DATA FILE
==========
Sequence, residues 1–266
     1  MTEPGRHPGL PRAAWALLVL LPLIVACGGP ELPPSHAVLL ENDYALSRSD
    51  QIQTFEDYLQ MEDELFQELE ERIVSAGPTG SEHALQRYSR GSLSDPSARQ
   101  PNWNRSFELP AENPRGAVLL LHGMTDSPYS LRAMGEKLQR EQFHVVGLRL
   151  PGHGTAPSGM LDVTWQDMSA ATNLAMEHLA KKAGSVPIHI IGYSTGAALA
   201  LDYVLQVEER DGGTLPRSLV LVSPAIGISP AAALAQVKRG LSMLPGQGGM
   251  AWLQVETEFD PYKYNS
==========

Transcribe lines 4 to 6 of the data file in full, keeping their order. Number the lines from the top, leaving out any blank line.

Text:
   101  PNWNRSFELP AENPRGAVLL LHGMTDSPYS LRAMGEKLQR EQFHVVGLRL
   151  PGHGTAPSGM LDVTWQDMSA ATNLAMEHLA KKAGSVPIHI IGYSTGAALA
   201  LDYVLQVEER DGGTLPRSLV LVSPAIGISP AAALAQVKRG LSMLPGQGGM